Calvert County Government is in the final stages of the process to develop a new franchise agreement with Comcast. The agreement covers the provision of cable television service in Calvert County. By law, cable franchise agreements only address cable television services, not internet service.
The Board of County Commissioners held a public hearing Nov. 27 to consider and receive comments on the proposed agreement that was developed over a 12-month negotiation process. The new agreement covers a 10-year term.
The cable franchise agreement allows cable television providers to build and operate cable systems in county rights-of-way in exchange for providing cable service to residents. The agreement details which areas will be provided service and covers other services such as public access channels, funding to support local programming, studios and equipment, and more.
Comcast has a non-exclusive franchise in Calvert County. While any cable provider can petition the county to provide service, Comcast is currently the only provider to enter the Calvert County market.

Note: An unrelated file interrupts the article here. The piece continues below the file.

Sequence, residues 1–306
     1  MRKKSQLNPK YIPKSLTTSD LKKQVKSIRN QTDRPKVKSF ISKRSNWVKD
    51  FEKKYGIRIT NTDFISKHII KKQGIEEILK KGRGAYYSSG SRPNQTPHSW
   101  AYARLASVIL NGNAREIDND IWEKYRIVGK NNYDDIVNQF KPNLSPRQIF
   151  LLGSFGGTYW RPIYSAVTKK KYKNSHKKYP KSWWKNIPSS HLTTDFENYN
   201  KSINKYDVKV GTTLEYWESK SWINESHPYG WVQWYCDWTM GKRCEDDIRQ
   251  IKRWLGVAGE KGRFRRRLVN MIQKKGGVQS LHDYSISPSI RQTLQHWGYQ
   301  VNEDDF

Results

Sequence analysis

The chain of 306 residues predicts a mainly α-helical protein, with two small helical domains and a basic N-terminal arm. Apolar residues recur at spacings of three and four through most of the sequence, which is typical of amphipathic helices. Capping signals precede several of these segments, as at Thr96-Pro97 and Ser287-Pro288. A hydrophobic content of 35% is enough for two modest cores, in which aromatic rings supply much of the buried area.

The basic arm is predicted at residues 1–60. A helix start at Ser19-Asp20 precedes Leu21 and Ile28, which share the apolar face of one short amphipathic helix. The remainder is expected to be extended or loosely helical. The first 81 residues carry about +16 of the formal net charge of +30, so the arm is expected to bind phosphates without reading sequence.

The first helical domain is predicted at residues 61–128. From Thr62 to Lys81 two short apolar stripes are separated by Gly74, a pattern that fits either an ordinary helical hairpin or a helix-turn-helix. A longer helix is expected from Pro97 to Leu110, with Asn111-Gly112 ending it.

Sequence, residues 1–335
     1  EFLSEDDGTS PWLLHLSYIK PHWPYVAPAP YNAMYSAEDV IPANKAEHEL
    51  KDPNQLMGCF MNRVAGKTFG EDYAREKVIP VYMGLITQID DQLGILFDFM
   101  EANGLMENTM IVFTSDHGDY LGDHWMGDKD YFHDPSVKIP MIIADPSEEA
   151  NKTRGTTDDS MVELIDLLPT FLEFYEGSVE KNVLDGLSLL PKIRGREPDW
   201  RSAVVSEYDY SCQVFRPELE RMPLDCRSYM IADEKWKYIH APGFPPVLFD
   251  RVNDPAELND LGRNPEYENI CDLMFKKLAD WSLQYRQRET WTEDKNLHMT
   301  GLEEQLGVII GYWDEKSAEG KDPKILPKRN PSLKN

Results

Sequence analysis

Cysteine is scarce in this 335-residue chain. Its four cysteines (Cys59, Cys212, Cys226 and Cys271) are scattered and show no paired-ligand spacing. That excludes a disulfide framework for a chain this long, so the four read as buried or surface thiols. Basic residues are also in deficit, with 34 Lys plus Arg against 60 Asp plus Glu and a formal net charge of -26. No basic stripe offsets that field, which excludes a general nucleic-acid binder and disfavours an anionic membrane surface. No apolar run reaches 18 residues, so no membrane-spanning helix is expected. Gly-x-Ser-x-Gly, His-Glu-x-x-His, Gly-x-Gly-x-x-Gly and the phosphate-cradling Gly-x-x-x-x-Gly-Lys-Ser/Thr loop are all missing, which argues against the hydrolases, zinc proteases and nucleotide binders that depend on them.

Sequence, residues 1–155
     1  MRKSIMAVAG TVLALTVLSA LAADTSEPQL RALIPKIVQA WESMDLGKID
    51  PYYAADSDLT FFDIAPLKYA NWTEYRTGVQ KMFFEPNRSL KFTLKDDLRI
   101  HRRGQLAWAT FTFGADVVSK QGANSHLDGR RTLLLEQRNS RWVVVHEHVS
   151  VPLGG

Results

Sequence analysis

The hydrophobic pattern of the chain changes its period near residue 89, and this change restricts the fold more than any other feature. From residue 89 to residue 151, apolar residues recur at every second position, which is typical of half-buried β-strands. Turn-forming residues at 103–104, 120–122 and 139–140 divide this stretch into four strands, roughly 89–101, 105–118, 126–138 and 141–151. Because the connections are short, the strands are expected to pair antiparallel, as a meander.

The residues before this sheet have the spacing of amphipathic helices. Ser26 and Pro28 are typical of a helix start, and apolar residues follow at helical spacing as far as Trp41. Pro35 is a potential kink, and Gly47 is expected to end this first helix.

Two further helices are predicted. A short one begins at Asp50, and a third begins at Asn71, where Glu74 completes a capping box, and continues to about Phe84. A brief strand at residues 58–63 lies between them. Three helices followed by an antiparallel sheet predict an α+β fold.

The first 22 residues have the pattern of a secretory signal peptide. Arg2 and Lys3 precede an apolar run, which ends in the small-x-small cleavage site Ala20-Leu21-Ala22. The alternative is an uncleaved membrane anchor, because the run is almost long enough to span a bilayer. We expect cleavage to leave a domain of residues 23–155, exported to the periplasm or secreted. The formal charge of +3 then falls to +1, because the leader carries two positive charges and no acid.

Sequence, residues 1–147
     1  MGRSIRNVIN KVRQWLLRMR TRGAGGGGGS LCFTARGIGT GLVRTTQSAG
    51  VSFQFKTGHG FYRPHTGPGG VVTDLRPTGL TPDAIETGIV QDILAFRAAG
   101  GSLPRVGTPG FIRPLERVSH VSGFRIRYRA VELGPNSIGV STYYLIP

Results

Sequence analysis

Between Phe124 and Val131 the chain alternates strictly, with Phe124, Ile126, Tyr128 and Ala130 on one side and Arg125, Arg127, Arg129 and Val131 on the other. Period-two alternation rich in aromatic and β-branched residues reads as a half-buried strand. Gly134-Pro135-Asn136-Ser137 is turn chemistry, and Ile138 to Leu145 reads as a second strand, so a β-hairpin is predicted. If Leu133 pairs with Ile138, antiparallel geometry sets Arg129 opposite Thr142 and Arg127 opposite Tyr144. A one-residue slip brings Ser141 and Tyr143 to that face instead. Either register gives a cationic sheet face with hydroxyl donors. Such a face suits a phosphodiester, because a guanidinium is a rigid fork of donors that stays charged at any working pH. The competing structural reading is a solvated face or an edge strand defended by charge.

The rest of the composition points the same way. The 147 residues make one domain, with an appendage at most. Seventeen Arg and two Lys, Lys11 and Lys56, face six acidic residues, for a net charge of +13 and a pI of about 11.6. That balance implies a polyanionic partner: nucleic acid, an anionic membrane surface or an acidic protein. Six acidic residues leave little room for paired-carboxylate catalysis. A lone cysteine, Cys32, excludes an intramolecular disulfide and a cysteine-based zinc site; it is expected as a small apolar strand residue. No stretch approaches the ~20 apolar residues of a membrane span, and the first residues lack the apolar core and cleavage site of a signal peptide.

While the franchise agreement cannot, by law, address internet service, cable TV providers commonly include internet in their set of services. Calvert County worked to get the best possible coverage in the agreement to address areas currently without internet service.
The agreement maintains a requirement that service be extended to any area that has at least 15 homes per mile. This density requirement is the lowest density approved in Maryland.
County staff worked with Comcast to identify unserved areas that do not meet density requirements. Four unserved areas have been identified as eligible for build by Comcast.
The County will continue to work with Comcast to find opportunities to make expansion into unserved areas more affordable.
While internet service is not covered in the franchise agreement, the County will also pursue options and technologies to address internet coverage in unserved areas. While exact figures are difficult to ascertain, the percentage of county residents who do not have access to cable is between 5 and 10 percent.
Federal law holds that cable rate setting is deregulated. Local franchise agreements cannot set rate parameters.
Every 36 months the county can perform a full compliance audit to ensure the terms of the agreement are being met. The county may inspect the cable system and can require immediate remedy if a danger or threat to safety is found. There are triggers throughout the agreement that would prompt reporting requirements from Comcast.